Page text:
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National Hedgerow Week: Hedge Hags and History

 Over 100,000km of hedgerows weave through our Welsh landscape, established and maintained by farmers over generations. The story of hedgerows and the traditional skills required to manage them are an important part of our heritage and entwined in our history.

Land deeds and tythe maps indicate that many hedgerows are over 1000 years old, some dating back to the Bronze Age or even earlier. An archaeological dig in Cambridgeshire revealed a piece of blackthorn, believed to be from a hedge, dating from 2000 B.C.

Many were created during the Anglo-Saxon period, established by the ninth century and not altered too much until the divisive 'Inclosure Acts' of the 18th & 19th centuries (a law which removed ownership of common land from agricultural workers and put it into the hands of landowners).  This act led to foraging of the fruit tree as revenge on the landowners.

Hedgerow foraging must be done safely and responsibly alongside an awareness of the folklore surrounding our common hedgerow plants.

The Elder is a magical tree and all parts can be harvested for food or medicine, elderberry has been used for medicinal purposes for centuries. The spirit of the Elder, the Elder Mother is the wise woman of the hedgerows and it is considered bad luck to cut the elder without her permission. If you fell asleep under one, it was believed that you would have vivid dreams and even sitting underneath one could risk you being banished to the Underworld. On a positive note, many say wearing or carrying any part of the Elder, will protect you from harm.

Blackberries are a common hedgerow sight but make sure you don’t pick them after Michaelmas day (29th september in the modern calendar) because the devil is supposed to spit on them. This makes a bit of sense as there is scientific reasoning behind blackberries tasting off by October.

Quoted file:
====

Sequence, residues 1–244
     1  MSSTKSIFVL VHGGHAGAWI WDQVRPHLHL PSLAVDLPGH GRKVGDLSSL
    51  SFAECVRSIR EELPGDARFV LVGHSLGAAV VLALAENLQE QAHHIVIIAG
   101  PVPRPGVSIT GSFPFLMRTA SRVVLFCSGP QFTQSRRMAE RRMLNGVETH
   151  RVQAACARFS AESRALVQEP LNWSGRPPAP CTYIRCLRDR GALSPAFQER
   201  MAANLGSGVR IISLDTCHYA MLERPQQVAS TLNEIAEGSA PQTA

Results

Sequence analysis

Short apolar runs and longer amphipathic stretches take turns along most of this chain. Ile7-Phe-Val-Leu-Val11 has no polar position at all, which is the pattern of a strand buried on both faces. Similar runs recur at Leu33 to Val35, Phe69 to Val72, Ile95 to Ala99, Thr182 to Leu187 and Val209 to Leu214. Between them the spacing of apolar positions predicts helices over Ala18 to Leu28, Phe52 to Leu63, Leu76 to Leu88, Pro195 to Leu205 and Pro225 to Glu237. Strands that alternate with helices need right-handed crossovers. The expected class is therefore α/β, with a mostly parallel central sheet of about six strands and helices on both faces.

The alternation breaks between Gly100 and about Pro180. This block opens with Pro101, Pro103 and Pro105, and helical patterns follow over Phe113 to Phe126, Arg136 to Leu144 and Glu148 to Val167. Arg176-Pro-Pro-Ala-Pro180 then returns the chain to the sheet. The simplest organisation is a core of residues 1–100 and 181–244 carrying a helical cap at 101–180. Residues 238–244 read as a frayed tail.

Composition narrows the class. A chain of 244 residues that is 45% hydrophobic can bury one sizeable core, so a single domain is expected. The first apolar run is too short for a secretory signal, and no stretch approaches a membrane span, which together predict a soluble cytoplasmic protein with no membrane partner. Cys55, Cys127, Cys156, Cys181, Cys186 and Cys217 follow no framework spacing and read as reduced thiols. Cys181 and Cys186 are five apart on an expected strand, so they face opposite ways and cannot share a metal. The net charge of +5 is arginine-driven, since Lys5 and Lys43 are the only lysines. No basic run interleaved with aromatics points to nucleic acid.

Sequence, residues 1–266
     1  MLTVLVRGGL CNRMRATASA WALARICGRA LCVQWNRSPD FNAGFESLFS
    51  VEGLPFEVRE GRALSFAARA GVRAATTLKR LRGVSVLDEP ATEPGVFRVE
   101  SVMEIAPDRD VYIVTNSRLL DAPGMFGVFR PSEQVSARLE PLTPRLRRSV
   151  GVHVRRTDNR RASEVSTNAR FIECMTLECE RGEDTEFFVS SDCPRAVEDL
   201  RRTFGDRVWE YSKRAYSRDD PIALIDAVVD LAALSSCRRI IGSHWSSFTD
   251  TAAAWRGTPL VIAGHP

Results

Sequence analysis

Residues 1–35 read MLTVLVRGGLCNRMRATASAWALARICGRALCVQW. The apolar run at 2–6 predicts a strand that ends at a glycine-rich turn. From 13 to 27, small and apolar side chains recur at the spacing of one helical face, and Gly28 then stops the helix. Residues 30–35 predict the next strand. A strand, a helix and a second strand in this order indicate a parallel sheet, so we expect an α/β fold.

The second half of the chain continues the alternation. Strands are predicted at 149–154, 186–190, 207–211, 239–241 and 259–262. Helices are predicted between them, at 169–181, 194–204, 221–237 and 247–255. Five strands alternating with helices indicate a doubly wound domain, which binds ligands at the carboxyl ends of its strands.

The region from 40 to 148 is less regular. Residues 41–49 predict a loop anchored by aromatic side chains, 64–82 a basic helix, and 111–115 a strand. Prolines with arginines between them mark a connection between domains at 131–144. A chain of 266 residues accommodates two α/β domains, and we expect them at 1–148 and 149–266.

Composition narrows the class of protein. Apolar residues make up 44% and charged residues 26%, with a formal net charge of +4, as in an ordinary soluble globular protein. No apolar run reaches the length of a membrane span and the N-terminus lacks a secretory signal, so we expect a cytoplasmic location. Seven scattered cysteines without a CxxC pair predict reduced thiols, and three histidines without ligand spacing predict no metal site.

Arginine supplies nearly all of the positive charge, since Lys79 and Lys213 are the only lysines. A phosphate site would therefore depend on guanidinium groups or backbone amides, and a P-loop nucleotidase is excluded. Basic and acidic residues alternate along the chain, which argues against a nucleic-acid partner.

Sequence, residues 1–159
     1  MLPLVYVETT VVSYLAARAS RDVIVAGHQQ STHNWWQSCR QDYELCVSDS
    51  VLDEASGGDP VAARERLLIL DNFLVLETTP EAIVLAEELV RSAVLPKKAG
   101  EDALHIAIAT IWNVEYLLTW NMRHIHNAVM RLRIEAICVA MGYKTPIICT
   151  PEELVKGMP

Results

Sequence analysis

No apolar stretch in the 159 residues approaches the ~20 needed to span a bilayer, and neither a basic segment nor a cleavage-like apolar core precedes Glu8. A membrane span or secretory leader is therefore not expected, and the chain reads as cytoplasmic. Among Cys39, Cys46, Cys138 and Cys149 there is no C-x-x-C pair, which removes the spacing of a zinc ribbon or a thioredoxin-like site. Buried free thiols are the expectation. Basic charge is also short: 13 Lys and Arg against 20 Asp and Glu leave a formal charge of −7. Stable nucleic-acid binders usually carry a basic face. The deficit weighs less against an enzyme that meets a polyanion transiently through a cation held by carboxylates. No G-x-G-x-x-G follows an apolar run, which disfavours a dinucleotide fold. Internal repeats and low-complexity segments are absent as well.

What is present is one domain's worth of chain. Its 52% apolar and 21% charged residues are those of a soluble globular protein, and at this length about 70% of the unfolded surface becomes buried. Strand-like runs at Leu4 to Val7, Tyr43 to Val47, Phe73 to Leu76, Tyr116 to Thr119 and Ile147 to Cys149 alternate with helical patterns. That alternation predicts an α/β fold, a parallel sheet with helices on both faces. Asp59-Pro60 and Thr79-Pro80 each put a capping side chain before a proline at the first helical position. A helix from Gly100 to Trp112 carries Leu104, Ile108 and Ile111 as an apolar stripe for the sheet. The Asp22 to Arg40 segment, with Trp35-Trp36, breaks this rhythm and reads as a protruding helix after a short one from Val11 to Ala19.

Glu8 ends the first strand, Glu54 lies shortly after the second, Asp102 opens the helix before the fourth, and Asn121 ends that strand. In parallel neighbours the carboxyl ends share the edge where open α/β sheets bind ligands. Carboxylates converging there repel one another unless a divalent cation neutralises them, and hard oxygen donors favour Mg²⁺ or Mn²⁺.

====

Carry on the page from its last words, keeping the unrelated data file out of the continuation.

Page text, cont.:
Hawthorn trees are not only beautiful but also carry deep mythological significance in our Celtic culture, bridging the gap between our world and the magical realms of fairies and spirits, being a protective meeting spot for fairies due to the spikes. The berries also make a delicious ketchup.

Celts and Druids believed that hazel trees were sacred and that eating hazelnuts gave people wisdom. Hazel is the favoured wood to make shepherd crooks or staffs, sometimes for ritual Druidic use. Also known as filberts, cultivated hazelnuts take their name from St Philibert’s Day on 20 August, the date by which hazelnuts were supposed to start ripening.

Witches' wands and staffs were made using blackthorn wood which has long been considered a magical tree and a blackthorn staff was thought to be effective for warding off evil spirits. I would also like to add (speaking of spirits), that sloe gin is delicious!

Rowan is said to protect against witches. One of its English names is witchwood and its old Celtic name means wizard's tree. Red was thought to be the best colour for fighting evil so the berries were the protective source. There was an ancient practice of hanging sprigs of rowan above doors to keep away evil spirits. Try some rowan jelly, it is lovely.

Witches and hedgerows are interlinked. The Old English word haga, meaning hedge, is found in legal documents pertaining to land ownership. Hag and hexe were names for women who lived near the hedge. They were a lifeline to villagers, probably due to their knowledge of the magical properties of plants and they had another function, making visible the boundary separating society from the wilderness. This was before the boundary was feared, Christianity gained prominence and pagan practices were condemned. So the term ‘witch’ comes from the same root as hedge.

All trees and plants should be treated with respect and the next time you walk alongside a hedgerow stop, admire the beauty and think of the echoes of the past. If foraging, please don’t forget to ask permission from Mother Elder and make sure you check your date before blackberry picking, devil spit really isn’t nice.

By Kate Beavan

Further suggested reading:

  • A Natural History of the Hedgerow by John Wright
  • Hedgelands by Christopher Hart
  • The Foragers Calendar by John Wright
  • The Hedgerow Handbook by Adele Nozedar
  • Hedgerow: River Cottage Handbook
  • Buds and Blossoms by Liz Knight

Hedge witchery and eating are not to be taken lightly - ensure you are confident in both your identification and your sources of information before eating anything you find!

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